On September 12, 2022, President Biden issued Executive Order 14081, Advancing Biotechnology and Biomanufacturing Innovation for a Sustainable, Safe, and Secure American Bioeconomy. The order aims to significantly aid food security, supply chain resilience and environmental health. However, the Non-GMO Project is gravely concerned about how biotechnology is applied to food. We believe the executive order’s wholesale embrace of biotechnology is a distraction from indigenous, natural and non-GMO methods for growing food — methods that have already proven successful.
The Non-GMO Project agrees with international bodies such as the UN Food and Agriculture Organization’s Committee on World Food Security that agroecological food systems offer the best tools to address the challenges in the coming decades. Biotechnology is a costly divergence of funds that takes us away from building a truly regenerative and sustainable food system.
The executive order fundamentally misrepresents the nature of biological systems. It imagines genetic material and cells as a collection of programmable entities, like computers or software. This simplification of complex relationships distorts our relationship with the natural world. Building a food system based on biotechnology preserves our current extractive view of natural resources, continuing to degrade soil health, biodiversity and our ability to nourish ourselves.
With its unqualified support for novel biotechnology, the executive order will encourage the ongoing privatization of the food supply, placing even more of our shared resources into the hands of a few multinational corporations. It ensures continued prosperity for agrichemical and biotechnology companies at the expense of food security, environmental resilience, health and equality.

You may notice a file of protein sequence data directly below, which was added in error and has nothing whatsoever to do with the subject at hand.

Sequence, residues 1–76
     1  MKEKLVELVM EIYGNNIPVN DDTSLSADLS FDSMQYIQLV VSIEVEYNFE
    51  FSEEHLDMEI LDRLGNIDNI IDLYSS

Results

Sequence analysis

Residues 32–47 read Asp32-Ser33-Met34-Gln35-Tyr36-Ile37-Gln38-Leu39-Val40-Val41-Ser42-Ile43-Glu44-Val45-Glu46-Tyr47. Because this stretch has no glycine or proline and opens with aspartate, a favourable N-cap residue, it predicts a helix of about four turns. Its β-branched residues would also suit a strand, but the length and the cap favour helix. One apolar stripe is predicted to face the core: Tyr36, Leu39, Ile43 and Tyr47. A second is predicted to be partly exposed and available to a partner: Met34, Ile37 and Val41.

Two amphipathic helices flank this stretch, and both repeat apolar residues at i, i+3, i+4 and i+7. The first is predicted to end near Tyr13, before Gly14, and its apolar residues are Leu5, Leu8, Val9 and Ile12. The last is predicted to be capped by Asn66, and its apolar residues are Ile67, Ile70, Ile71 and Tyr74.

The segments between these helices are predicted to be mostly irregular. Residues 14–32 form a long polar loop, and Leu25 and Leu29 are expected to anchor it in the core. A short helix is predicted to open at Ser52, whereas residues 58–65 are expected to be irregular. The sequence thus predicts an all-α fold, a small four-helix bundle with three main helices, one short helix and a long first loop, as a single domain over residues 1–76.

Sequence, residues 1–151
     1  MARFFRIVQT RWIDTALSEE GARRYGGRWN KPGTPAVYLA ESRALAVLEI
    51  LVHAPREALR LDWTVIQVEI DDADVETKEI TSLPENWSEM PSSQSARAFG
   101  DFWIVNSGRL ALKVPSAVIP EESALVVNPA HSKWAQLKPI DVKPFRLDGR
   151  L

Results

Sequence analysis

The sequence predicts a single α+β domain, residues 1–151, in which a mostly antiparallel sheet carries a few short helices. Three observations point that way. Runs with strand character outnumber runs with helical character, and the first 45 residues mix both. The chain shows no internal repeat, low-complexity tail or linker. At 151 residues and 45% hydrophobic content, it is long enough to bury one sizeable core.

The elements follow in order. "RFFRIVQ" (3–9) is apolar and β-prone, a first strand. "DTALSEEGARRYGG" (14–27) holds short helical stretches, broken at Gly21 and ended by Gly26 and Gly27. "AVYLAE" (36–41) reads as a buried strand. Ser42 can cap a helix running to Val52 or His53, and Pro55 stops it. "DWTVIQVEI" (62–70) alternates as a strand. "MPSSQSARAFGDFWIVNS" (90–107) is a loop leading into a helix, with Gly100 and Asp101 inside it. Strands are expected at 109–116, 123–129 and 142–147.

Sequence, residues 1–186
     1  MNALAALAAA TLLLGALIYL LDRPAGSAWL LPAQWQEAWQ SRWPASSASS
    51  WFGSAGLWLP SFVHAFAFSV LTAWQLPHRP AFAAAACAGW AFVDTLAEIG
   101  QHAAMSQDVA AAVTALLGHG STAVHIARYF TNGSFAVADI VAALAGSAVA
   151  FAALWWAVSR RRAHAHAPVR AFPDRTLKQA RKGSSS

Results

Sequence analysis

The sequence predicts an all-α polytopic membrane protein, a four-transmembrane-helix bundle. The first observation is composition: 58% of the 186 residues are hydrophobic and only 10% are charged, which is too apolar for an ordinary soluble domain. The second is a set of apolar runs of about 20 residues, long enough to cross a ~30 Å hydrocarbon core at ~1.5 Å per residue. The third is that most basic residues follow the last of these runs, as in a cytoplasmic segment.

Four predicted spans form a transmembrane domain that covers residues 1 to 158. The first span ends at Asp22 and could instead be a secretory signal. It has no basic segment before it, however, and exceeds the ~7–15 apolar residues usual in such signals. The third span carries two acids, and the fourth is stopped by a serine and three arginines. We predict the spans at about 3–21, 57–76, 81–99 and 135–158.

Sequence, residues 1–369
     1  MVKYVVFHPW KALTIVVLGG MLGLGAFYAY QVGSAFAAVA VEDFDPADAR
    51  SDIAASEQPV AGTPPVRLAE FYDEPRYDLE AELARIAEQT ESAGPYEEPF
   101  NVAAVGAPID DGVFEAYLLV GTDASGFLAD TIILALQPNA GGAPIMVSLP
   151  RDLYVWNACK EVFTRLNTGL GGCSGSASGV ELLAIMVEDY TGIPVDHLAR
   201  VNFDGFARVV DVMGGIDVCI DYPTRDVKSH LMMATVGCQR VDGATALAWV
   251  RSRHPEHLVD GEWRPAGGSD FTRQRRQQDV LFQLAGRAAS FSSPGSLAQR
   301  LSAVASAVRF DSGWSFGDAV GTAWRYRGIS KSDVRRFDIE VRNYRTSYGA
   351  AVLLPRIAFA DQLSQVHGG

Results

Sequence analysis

There are more promising paths to achieve our shared food security and supply chain resilience goals. Global experts agree that holistic systems, including regional agroecological approaches to food production, offer accessible and cost-effective tools to ensure food security, human rights, biodiversity and environmental regeneration.
We are now 30 years into the GMO experiment. We have heard this story before. Biotechnology in the food space continues to overpromise and underdeliver, increasing the need for costly and destructive inputs such as pesticides and fertilizers while failing to address hunger in the most vulnerable populations. Most troubling, perhaps, is that this has diverted billions of dollars – and millions of acres – toward failed systems, and created barriers to promising new ones. We can no longer make decisions that benefit the few. We must work toward a state of mutual prosperity with each other and our environment, boldly embracing production systems that work with nature rather than against it.